After accusing Clarence Thomas of sexual harassment, Anita Hill testified against him at his Supreme Court confirmation hearings in 1991, and forever changed the way we talk about workplace harassment in the U.S. People magazine covered the trial, and spoke to other women who, because of Hill, felt empowered to share their own experiences.
Selena Quintanilla-Pérez, Texas Monthly, 1995
In March of 1995, Tejano superstar Selena Quintanilla-Pérez was shot and killed in Corpus Christi, Tx. A month later, Texas Monthly released their May 1995 issue with a striking image of Quintanilla-Pérez on the cover, tying her death to the issue of gun violence in Texas.
Ellen DeGeneres, Time Magazine, 1997
Ellen Degeneres publicly came out on the cover of Time Magazine in 1997, and since then, her career as a comedian and talk show host has been nothing short of iconic. Before leaving office, President Barack Obama awarded Degeneres with the Medal of Freedom. "What an incredible burden it was to bear, to risk your career like that," he said. "People don’t do that very often.” (We're not crying, you are.)
The cast of "Sex and the City," Time, 2000
In 1998, the first episode of "Sex and the City" aired on HBO -- and by telling the stories of four thirty- and forty-something single women in New York City, made it an iconic moment in TV history. Women around the country -- and Time magazine in 2000 -- found themselves asking, "Who needs a husband?"
Sonia Sotomayor, Time Magazine, 2009
In 2009, Sonia Sotomayor made history as the first person of Hispanic heritage and first Latina to serve on the Supreme Court. She was nominated by President Barack Obama and confirmed on August 9, 2006. "I am an ordinary person who has been blessed with extraordinary opportunities and experiences," Sotomayor said
when she was nominated.
Laverne Cox, Time Magazine, 2014
Actress and trans activist Laverne Cox graced Time Magazine's July 2014 cover, representing the fight for trans rights as "America's next civil rights frontier." Cox was the first trans person to be on the influential magazine's cover.
Caitlyn Jenner, Vanity Fair, 2015
When Caitlyn Jenner transitioned in 2015, she announced it with a flourish: a striking July 2015 Vanity Fair cover in which she announced her new name, Caitlyn. In the years since, she's been something of a contentious figure for the LGTBQ community, particularly after voicing her support for President Donald Trump during the 2016 election.
Hillary Clinton, New York Magazine, 2016
Two months before Hillary Clinton made history
as the first woman to snag a presidential nomination from a major party, journalist Rebecca Traister sat down with Clinton for a pre-election conversation. "There’s nothing simple about this candidacy," Traister wrote. "Or candidate."
The cast of "Ghostbusters," Entertainment Weekly, 2016
When the "Ghostbusters" reboot released its trailer in March of 2016, internet trolls lost it
-- the sheer misogyny was an unpleasant reminder of how uncomfortable men were to see women standing in place of their idolized (male) superheroes. In the July 2016 cover story with Entertainment Weekly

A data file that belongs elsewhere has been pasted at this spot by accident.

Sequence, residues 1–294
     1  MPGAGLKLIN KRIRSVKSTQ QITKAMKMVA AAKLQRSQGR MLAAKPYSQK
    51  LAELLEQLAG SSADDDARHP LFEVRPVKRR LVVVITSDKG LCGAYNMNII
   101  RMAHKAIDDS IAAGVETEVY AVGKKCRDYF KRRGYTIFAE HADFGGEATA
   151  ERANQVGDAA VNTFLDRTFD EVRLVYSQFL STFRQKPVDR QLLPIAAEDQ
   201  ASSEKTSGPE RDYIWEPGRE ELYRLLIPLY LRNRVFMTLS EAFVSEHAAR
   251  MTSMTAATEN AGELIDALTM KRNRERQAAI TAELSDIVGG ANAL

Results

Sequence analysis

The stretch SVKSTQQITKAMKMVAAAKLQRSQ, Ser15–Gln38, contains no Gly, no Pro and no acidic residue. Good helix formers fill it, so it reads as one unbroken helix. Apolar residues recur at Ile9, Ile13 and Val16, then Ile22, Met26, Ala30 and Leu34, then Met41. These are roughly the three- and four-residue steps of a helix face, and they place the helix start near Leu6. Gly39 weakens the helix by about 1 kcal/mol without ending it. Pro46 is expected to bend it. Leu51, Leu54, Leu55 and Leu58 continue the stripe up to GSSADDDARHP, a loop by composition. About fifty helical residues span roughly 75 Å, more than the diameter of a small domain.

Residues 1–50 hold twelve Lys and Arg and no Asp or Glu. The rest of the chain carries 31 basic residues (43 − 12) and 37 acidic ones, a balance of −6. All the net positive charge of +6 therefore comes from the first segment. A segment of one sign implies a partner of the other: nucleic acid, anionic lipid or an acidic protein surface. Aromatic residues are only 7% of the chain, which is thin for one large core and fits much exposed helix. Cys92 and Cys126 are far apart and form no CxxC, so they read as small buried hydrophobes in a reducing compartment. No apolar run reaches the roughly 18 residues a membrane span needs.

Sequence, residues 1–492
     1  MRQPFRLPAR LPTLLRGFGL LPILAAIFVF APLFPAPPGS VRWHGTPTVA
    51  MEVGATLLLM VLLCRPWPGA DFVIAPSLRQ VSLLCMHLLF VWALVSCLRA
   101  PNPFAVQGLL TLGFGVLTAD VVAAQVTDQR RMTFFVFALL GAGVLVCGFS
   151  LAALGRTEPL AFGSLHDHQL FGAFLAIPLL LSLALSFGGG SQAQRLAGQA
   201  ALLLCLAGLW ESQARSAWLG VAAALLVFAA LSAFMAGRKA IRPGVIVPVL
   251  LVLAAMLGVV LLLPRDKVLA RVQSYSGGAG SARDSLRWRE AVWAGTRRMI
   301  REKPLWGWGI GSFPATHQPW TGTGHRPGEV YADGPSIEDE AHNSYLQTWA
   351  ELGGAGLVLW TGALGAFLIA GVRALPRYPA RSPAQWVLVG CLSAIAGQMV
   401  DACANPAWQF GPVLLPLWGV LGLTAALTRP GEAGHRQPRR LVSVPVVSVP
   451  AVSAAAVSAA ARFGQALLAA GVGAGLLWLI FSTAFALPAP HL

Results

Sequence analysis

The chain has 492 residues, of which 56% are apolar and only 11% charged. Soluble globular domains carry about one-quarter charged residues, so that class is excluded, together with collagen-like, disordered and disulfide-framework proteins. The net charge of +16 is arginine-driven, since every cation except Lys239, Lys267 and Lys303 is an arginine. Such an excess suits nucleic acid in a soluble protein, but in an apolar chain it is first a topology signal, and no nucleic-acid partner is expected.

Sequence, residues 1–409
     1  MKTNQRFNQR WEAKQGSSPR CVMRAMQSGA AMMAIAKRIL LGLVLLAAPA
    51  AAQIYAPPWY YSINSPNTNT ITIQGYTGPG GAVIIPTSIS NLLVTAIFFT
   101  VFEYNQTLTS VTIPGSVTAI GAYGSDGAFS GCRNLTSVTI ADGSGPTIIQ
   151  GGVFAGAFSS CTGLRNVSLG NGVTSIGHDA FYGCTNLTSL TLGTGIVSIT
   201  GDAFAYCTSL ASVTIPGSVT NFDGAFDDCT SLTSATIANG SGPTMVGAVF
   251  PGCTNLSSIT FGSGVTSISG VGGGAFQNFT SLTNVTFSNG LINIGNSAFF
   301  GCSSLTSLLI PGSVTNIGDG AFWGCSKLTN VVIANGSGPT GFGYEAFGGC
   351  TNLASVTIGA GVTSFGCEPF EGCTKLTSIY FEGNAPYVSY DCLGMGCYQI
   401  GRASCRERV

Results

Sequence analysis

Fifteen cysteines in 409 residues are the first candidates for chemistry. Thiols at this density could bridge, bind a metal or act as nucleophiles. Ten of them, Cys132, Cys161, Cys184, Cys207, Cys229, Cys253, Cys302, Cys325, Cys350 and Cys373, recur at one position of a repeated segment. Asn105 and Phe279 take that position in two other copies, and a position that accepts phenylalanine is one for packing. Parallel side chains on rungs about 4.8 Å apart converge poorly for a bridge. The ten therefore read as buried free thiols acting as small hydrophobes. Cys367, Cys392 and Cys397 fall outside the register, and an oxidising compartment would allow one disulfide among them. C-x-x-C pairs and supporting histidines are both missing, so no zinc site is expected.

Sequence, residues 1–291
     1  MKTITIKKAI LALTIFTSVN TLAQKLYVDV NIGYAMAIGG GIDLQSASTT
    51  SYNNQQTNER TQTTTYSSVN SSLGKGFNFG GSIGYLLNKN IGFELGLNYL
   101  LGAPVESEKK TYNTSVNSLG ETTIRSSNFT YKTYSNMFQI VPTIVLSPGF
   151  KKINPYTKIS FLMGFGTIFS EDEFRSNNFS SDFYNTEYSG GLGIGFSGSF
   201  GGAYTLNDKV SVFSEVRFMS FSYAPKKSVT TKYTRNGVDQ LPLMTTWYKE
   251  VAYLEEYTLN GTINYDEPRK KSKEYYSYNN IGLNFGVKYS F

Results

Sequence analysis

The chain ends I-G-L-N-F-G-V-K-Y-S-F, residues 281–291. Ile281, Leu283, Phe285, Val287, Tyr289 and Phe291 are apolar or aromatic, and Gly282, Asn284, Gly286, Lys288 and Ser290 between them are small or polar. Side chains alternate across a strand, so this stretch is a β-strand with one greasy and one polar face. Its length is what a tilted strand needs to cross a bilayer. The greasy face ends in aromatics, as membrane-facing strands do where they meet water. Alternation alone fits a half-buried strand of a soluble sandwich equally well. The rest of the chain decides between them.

, co-star Melissa McCarthy laughed it all off. "Really?" she said about the sexist backlash. "Are we still here?"
Bill Cosby's Accusers, New York Magazine, 2016
More than 30 women have accused American comedy icon Bill Cosby of sexual assault, and New York Magazine's powerful cover photo gave a haunting reminder that there are likely more. On a July, 2016 cover, 35 of his accusers stare back at the reader -- with one empty chair remaining unfilled.
Rahaf Khatib, Women's Running, 2016
At the height of Donald Trump's anti-immigrant, anti-Muslim presidential campaign, Women's Running chose Muslim Syrian-American refugee Rahaf Khatib as its cover star. She's the first hijabi woman to grace the cover of any American health or fitness magazine, and this year, she's running the Boston marathon to raise funds for the Syrian American Rescue Network
Michelle Obama, The New York Times Style Magazine, 2016
Former FLOTUS Michelle Obama has several stunning magazine covers, but when the Times Style Magazine was released in October 2016, just four months before the end of the Obama presidency, Americans were reminded of how lucky they were to call Michelle Obama FLOTUS -- and how much they would miss her when she was gone. The outrageously stunning photos were paired equally stunning essays about what FLOTUS meant to four influential figures
: Rashida Jones, Gloria Steinem, Chimamanda Ngozi Adichie, and Jon Meacham.
Avery Jackson, National Geographic, 2017
After much contentious legislation in 2016 surrounding transgender rights, National Geographic's special January 2017 "Gender Revolution" edition was sure to turn heads. The powerful cover featured nine-year-old transgender girl Avery Jackson in an entirely pink outfit -- hair included. "The best thing about being a girl is," Jackson said, "now I don't have to pretend to be a boy."
Liu Wen, Ashley Graham, Kendall Jenner, Gigi Hadid, Imaan Hammam, Adwoa Aboah, and Vittoria Ceretti, Vogue Magazine, 2017
Before the March 2017 issue of Vogue, the US edition of the influential publication had never featured an Asian woman or a plus-size woman on its cover. Liu Wen's and Ashley Graham's presence on the overall diverse cover was exciting -- until readers opened the magazine to see supermodel Karlie Kloss in yellowface
. Maybe next time, Vogue.
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CORRECTION: A previous version of this story referred to American “Suffragists” as “Suffragettes.” British activists used the term “Suffragettes,” American activists used “Suffragists.”